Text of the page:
Editor’s Note: This story was included in the list of our favorite 2020 print stories. For reference, it was published in July 2020.
Writer: Rachel Vogel Quinn
Photographer: Emily Blobaum
Many of us will remember the COVID-19 pandemic of 2020 as a long hiatus at home. But while we’ve spent our time on Zoom conference calls and taking walks around the neighborhood, others have been working tirelessly on our behalf.
They’ve treated the sick. They’ve housed the homeless. They’ve fed the hungry. They’ve opened their doors to anyone and everyone who needs help. Most of all, they’ve planned, preparing us for what was coming. Without them, we couldn’t have survived.
The people featured in this story are only representatives of the thousands of Central Iowans who’ve risked their lives for us. The challenges they face can be hard to fathom, but their emotions are familiar: fear, uncertainty, hope, confidence, pride.
Throughout it all, they’ve learned an important lesson: With a little bit of grit and a lot of teamwork, we can do anything, and we can do it fast.
ICU nurse, Broadlawns Medical Center
Before she hugs her 1- and 4-year-old children after a shift, Sarah Hiemer first takes off her shoes and changes her clothes. “You worry about bringing it home to your family,” she says. “You worry about your own health.”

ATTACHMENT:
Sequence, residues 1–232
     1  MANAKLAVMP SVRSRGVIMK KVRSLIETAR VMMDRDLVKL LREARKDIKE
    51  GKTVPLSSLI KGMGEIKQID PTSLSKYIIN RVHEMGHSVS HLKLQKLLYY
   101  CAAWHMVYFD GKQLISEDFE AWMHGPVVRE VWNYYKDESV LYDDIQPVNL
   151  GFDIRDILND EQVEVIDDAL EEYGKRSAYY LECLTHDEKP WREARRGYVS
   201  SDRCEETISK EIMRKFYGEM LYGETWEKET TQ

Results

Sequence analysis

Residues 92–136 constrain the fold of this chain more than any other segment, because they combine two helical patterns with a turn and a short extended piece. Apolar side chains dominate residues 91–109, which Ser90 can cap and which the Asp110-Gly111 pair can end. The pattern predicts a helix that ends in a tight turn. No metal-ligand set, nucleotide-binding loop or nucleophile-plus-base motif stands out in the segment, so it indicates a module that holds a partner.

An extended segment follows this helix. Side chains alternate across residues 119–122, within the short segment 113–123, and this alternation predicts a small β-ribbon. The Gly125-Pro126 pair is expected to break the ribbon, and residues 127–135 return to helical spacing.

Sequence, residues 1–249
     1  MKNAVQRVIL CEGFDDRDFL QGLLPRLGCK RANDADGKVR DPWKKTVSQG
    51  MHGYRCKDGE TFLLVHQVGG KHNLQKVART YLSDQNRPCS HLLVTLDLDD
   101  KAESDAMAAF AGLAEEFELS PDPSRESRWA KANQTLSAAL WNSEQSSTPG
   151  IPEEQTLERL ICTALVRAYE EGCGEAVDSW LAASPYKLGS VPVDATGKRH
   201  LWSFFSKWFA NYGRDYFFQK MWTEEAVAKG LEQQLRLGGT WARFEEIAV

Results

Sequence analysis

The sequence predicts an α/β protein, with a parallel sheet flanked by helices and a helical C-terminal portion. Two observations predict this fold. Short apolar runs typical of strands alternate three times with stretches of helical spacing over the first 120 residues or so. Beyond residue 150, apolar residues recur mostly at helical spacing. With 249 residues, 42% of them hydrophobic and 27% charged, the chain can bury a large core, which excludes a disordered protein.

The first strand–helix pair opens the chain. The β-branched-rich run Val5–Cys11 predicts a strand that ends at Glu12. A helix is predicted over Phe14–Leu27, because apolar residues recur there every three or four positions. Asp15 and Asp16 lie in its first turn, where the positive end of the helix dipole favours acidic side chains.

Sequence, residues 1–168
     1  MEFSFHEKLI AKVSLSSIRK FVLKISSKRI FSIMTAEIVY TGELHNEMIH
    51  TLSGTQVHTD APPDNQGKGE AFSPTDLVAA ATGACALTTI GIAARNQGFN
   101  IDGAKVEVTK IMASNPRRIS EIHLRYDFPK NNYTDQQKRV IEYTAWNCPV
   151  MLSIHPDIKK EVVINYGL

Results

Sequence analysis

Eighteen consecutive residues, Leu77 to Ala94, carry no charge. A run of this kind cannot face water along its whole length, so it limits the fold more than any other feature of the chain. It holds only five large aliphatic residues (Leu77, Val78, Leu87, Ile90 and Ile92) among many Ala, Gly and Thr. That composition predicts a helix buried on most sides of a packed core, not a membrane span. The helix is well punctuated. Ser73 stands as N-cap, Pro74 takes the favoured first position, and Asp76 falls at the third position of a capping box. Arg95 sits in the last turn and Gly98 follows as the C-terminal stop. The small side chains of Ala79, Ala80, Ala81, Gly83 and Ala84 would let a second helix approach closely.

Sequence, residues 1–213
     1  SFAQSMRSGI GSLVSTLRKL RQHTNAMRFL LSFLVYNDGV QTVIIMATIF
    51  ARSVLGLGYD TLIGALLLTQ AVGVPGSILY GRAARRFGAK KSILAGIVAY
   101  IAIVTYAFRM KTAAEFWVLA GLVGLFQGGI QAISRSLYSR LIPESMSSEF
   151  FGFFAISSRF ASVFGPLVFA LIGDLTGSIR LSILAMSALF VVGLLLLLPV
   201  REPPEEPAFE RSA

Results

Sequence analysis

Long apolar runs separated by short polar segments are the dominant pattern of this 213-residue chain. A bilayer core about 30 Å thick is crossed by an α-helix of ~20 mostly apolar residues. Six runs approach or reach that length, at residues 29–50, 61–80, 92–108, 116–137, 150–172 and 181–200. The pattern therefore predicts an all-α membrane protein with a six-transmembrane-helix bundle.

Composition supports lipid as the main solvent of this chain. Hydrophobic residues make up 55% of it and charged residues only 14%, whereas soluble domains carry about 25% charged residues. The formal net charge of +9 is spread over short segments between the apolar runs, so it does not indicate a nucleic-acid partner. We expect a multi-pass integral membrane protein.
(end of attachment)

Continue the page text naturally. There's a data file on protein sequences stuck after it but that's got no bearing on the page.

When the pandemic began, Hiemer, 36, was fixated on news from the coasts. But she gave that up to focus on her job. Recommendations and protocols changed every day, and the learning curve was steep, despite her 15 years of experience at Broadlawns. With visitor restrictions in place, nurses have had to act as emotional supports for patients, who were marooned in the ICU without their families. “We always do that,” Hiemer says, “but this is a new level.”
Director, Polk County Health Department
One evening in late March, Helen Eddy left the office after a long day and met an older woman from a nearby assisted living facility walking by. The two chatted, and the woman thanked her for working so hard to protect Central Iowans.
“I about cried,” the 60-year-old Eddy says. “It put a real face on the work we’re doing. I thought: Who am I fighting for today? Well, I am fighting for her.”
By that time, Eddy and her team at the health department had been working on COVID-19 seven days a week since early January. They set up the Emergency Operations Center, with a medical coordination team representing all the major providers in the local health system. The department also checked in daily with every Polk County resident who had tested positive for the virus.
To ease the stress, Eddy bicycled to and from work. She began seeing more families walking outside together. She hoped that would continue after the pandemic ended, along with good hygiene practices and improved sick leave policies.
“The community is pulling together,” she says. “But it never happens as fast as you would like.”
Dr. Hijinio Carreon
Chief medical officer, MercyOne Central Iowa